The businesspeople we cold call are often “Type A” C Level executives and entrepreneurs. If you can successfully cold call CEOs, you can do pretty much anything. Success in speaking with people you might otherwise be intimidated by is also a natural result of developing the skills involved in cold calling.
Barbara’s story was actually about work, “I was at the end of the day and still hadn’t booked an appointment. I thought about throwing in the towel for the day, but then I decided to make just one more dial and that one dial turned into an appointment. I was so glad I was able to end my day on that high note.”
Things don’t always go the way we want. Lessons learned in the job teach you to worry less about the “no’s” and keep pushing for what you are trying to achieve without giving up. If you work from home as we do, persistence will be even more important as there usually won’t be coworkers present to help encourage you and help you remain focused.
We have only a few seconds on a cold call to grab someone’s attention, or the next thing you hear is “no,” promptly followed by a click. Conciseness is a must-have skill. The prospect must have a compelling reason to engage with you in a conversation.
The experience of cold calling requires the practice of selecting the right words in the right way to express yourself clearly. This practice also extends to leaving voice mail messages so that your calls get returned. Voice mail technology only gives us a certain amount of time before we hear that beep and turn into a pumpkin. Knowing how to leave a well-crafted voice mail message is a useful skill for many other aspects of life.
Reaching people who are difficult to reach. Experience gained from cold calling can help you navigate the nuances of getting past the people who are paid to stand between you and the people you need to speak to—not just in cold calling, but in getting in front of people in general. During the weird days of the pandemic, we have faced strange challenges reaching people, even people who really want to be reached. The same skills come in handy.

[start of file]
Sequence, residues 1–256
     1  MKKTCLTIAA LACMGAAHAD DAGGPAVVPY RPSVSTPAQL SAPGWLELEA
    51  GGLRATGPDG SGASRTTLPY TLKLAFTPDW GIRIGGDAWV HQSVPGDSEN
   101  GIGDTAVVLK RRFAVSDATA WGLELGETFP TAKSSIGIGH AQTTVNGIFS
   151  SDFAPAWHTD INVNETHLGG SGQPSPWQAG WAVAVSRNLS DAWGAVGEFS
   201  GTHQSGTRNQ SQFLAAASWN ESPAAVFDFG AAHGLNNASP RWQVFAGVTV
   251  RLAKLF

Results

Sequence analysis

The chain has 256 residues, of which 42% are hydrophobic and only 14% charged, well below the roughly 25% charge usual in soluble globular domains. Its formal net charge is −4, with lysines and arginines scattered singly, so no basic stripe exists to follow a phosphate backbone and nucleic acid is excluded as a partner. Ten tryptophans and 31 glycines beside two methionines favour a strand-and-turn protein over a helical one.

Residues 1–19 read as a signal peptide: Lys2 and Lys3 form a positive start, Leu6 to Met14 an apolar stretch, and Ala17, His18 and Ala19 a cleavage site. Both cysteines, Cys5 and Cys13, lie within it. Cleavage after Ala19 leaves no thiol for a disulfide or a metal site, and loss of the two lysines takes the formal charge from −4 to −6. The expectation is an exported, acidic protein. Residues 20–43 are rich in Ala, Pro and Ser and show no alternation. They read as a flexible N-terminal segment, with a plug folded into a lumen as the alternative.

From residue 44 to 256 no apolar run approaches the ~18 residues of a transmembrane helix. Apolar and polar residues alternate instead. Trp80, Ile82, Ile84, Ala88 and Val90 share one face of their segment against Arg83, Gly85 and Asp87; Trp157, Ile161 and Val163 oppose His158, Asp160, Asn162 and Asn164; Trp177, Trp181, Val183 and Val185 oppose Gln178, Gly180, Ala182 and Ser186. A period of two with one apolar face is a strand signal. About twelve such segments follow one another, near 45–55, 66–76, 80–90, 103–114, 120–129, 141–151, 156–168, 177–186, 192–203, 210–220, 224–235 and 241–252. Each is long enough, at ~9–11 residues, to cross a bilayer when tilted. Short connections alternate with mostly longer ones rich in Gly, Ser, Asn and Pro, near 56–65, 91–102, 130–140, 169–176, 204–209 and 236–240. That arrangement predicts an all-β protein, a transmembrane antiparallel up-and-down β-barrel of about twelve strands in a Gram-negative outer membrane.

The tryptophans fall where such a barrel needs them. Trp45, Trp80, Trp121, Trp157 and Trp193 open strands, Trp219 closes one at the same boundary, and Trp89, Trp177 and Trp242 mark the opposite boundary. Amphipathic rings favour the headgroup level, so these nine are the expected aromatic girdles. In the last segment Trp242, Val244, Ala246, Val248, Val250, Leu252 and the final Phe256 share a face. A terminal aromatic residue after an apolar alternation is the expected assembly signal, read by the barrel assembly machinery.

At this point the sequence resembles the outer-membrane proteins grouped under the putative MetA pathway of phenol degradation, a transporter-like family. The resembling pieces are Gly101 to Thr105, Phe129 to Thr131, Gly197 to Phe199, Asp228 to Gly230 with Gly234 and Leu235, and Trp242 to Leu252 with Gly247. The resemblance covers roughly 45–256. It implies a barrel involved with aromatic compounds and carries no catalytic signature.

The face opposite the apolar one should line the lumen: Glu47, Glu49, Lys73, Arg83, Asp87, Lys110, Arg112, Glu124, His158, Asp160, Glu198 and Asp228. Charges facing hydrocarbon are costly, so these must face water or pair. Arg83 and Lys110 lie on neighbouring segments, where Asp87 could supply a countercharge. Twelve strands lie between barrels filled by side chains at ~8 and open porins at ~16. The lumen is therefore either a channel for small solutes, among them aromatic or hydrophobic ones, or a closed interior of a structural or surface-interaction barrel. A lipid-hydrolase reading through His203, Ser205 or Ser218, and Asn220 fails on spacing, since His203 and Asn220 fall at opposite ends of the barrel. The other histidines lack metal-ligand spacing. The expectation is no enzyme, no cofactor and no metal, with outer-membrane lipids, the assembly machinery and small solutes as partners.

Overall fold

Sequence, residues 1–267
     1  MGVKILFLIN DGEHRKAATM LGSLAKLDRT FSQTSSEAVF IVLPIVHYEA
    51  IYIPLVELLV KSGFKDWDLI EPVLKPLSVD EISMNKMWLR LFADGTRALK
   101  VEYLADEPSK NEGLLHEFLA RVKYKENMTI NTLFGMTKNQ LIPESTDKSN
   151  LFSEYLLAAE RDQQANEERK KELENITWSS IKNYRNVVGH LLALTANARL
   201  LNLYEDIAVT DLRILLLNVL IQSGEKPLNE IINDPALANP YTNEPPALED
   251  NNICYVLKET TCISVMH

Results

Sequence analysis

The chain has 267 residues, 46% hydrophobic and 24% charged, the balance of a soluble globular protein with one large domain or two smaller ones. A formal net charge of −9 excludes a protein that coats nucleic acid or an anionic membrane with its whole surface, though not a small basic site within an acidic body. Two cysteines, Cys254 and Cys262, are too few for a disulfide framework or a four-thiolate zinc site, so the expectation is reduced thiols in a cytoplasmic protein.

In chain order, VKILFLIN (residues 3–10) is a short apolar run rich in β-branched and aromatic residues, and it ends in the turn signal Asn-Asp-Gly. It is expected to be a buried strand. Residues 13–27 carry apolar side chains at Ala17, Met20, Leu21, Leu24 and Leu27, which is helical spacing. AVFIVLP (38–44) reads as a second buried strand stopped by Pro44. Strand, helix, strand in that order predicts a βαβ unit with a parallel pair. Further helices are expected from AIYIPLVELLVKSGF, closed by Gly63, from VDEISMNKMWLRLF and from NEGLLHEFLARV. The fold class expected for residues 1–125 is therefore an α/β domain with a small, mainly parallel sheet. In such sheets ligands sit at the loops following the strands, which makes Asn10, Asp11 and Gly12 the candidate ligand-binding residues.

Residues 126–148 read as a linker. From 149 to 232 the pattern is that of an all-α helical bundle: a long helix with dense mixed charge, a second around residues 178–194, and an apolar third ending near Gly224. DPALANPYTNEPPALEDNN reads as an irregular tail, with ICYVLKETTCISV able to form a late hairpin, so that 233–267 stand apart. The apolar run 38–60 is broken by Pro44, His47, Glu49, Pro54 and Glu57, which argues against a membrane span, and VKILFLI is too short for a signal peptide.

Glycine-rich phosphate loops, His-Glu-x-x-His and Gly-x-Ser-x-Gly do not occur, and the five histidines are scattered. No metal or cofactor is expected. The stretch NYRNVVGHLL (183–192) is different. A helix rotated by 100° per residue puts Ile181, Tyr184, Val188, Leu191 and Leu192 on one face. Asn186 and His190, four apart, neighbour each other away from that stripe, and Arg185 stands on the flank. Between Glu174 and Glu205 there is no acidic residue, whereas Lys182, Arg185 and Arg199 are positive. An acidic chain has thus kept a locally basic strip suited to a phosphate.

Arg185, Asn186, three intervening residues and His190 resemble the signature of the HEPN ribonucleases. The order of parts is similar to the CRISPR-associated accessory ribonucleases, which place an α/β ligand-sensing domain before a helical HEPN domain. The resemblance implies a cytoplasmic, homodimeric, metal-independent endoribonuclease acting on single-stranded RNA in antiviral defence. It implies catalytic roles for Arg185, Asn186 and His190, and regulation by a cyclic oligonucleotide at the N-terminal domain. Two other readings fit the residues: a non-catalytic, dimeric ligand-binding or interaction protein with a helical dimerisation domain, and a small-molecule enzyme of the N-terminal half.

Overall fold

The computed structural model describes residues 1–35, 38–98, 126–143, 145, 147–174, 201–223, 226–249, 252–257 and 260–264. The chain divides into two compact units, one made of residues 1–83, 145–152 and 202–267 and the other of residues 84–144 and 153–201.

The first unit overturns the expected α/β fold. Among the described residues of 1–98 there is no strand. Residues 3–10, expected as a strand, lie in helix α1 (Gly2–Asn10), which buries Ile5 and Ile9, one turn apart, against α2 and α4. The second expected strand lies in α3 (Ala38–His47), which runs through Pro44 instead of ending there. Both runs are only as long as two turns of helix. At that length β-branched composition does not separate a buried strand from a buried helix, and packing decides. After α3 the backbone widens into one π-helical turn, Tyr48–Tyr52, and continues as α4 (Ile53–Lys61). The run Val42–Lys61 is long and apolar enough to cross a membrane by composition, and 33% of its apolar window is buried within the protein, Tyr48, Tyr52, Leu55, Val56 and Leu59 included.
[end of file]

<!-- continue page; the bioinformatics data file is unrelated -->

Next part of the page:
Lynn’s story was about how her daughter was able to sign up for class during the COVID-19 crisis. “Monday was the last day for my daughter to register for an online college class for the first summer session. She had been telling me for a month that nobody answers the phone at the college and she can’t get help to register. Finally, on the last day, I tried myself and it was true, they didn’t answer the phone. So, I tried some of the techniques I learned from work of getting through voice mail and sure enough, we reached somebody quickly and now she is taking her class. I felt good about teaching my teenage daughter a useful skill.”
As fears go, the fear of cold calling is epic, ranking somewhere up there with fear of public speaking and fear of root canals. Overcoming call reluctance doesn’t mean not having the fear. It means facing the fear and making the call anyway. Lessons learned in cold calling teach a person to move toward their goals and shake off the negatives. Without the ability to overcome fear of failure, people may play it safe and miss opportunities instead of moving toward their dreams and goals.
About the Author
Tracie Chancellor, CEO and Founder of TeleReach Corporate, national business to business call center specializing in sales appointment setting and lead generation, based in Houston, Texas. Chancellor is an MBA graduate of the University of Houston with over 20 years hands-on sales and marketing experience, working with privately-held businesses, universities, non-profit organizations, as well as Fortune businesses in the business to business marketing space.